Today is National Women’s Health and Fitness Day, and instead of doling out workout tips, we’re exploring something different: sleep health and insomnia. Insomnia, unfortunately, is a common sleep disorder among Americans. With this sleep disorder, you may have trouble falling, staying, or getting quality rest. Insomnia can occur even if you have the time and the right environment to sleep well, and it can get in the way of your daily activities and may make you feel sleepy during the day. According to research, women are 40% more likely to report insomnia symptoms than men. Poor sleep can have devastating consequences on overall health, such as impaired functioning, increased risk of accidents, and even the development of psychiatric and cardiovascular disorders. However, there are breakthrough treatments that may put restful nights within reach. We spoke with Ashgan Elshinawy, D.O., who is a board-certified in Sleep Medicine, to understand insomnia’s detriments and new sleep science developments.
ESSENCE: What are some reasons people experience insomnia?
Ashgan Elshinawy: Insomnia is the inability to initiate or stay asleep, coupled with daytime symptoms such as fatigue, daytime sleepiness, or poor concentration. Many biological factors can cause insomnia, disrupting the body’s natural sleep-wake cycle. Overactive wake signaling in the brain is one of the biological causes of insomnia – which can be stimulated by lifestyle factors like poor sleep hygiene or stress, physiological events such as menopause or pregnancy, or comorbidities like anxiety and depression. Risk factors for insomnia include age and female gender, among others.
How can it be solved?
Insomnia can be addressed in various ways, from cognitive behavioral therapy to prescription medication. In cases where a patient struggles with a comorbidity – like anxiety or depression – it’s important to treat both entities separately, as insomnia is a distinct medical condition. The patient and their physician should determine what’s best for each patient.
Are there any natural remedies or workouts to do to prevent insomnia?
Proper sleep hygiene, as recommended by the American Academy of Sleep Medicine (AASM), is like avoiding electronics before bed and sticking to a regular sleep schedule. Sleep hygiene alone does not treat insomnia as a medical condition. First-line treatment for insomnia, cognitive behavioral therapy, can be effective but has limitations. Patients and physicians often determine that prescription medication is the best path forward.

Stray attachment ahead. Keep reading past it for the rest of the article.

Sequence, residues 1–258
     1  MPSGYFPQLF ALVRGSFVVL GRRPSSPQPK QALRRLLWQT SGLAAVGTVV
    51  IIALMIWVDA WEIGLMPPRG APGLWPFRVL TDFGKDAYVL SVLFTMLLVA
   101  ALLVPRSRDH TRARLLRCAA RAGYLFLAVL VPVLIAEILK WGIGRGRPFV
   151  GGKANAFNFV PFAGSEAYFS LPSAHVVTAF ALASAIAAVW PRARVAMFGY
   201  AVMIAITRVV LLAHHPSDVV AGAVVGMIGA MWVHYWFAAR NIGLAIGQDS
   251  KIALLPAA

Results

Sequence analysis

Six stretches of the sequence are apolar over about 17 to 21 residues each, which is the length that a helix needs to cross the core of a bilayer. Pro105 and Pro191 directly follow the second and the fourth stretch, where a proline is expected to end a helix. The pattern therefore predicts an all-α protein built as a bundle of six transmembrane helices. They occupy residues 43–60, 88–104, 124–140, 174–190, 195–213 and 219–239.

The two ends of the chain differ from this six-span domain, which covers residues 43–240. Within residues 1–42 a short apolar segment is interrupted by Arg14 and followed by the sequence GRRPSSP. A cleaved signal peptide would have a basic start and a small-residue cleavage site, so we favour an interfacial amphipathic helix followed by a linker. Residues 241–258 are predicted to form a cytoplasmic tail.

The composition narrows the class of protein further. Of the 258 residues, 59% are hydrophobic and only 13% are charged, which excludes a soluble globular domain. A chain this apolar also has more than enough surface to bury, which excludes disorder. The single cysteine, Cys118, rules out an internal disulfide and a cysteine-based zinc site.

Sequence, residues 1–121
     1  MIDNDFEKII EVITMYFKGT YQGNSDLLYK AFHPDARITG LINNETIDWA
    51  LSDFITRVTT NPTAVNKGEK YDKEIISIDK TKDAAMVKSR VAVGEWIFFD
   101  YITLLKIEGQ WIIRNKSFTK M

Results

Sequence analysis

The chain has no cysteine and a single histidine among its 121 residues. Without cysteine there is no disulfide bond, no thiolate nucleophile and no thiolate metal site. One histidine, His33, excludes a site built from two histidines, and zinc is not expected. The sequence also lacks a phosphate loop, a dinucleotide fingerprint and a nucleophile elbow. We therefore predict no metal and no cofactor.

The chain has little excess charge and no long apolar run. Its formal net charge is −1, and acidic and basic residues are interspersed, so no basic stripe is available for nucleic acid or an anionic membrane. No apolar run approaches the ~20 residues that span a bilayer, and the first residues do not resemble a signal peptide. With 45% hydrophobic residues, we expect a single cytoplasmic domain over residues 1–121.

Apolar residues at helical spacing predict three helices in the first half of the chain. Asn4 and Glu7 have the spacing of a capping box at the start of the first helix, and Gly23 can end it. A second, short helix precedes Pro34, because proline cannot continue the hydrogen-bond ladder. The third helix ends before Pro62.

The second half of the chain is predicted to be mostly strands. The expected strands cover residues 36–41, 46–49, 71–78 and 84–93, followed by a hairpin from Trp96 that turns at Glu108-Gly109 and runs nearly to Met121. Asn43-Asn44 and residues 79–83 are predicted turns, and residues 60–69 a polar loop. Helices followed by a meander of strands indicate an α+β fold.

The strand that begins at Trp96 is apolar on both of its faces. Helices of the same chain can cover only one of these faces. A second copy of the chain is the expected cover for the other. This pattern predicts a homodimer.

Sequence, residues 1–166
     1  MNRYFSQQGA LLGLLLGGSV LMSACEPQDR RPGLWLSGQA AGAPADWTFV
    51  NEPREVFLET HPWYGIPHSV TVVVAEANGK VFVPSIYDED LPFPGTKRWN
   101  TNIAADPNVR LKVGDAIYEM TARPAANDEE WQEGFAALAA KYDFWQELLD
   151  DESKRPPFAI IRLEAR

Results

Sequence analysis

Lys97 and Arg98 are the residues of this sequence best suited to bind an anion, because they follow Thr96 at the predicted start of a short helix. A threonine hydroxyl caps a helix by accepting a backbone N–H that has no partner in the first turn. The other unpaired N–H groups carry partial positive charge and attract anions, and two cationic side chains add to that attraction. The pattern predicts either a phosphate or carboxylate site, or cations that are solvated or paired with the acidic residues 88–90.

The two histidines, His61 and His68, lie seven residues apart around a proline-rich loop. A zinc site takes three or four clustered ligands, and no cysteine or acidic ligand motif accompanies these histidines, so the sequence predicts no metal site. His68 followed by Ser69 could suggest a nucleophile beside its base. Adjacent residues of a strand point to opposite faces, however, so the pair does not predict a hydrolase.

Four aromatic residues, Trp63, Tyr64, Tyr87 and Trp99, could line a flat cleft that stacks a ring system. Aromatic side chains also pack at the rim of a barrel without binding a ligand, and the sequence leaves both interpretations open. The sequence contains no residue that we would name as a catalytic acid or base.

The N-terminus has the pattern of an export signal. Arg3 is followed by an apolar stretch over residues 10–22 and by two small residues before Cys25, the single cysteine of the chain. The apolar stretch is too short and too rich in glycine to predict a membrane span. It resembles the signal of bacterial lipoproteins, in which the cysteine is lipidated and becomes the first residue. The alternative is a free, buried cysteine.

How many hours of sleep should we be getting?
The CDC recommends seven or more hours of sleep for adults aged 18-60, 7-9 hours for adults aged 61-64, and 7-8 for adults aged 65+. Therefore, an average of 7.5 hours of sleep is a good goal for adults.
How can women prioritize their sleep health?
Women are statistically more likely to experience insomnia than men are. Women can prioritize their sleep health by adhering to sleep hygiene practices, like sticking to a sleep schedule and limiting caffeine intake. Menstruating women can track their menstrual cycle to familiarize themselves with how their cycle may impact their sleep. Women who struggle with insomnia should consult their doctor to learn which treatment approach is right for them. Like other treatments in medicine, treatment for insomnia should be individualized.
What treatment options uniquely target one of the biological causes of insomnia?
The first-line recommended treatment for insomnia is cognitive behavioral therapy. In some cases, however, patients and physicians may determine that prescription medication is the best path forward. Currently, the most commonly prescribed class of medications for insomnia are benzodiazepines (benzos) or z-drugs, as well as sedating antidepressants. However, these medications may have safety, tolerance, and habit-forming concerns. Furthermore, some of these antidepressants are not FDA-approved or indicated for the treatment of insomnia. One medication that works differently than other insomnia treatment options, QUVIVIQ (daridorexant), is thought to target one of the biological causes of insomnia. QUVIVIQ, classified as a dual orexin receptor antagonist (DORA), is believed to turn down overactive wake signals and is proven to help adults with insomnia fall asleep faster and stay asleep longer. Due to the potential for decreased alertness, patients should avoid activities like driving in the morning after taking QUVIVIQ until they feel fully awake. In choosing a treatment option for insomnia, it’s important that you consult your physician to find what’s right for you.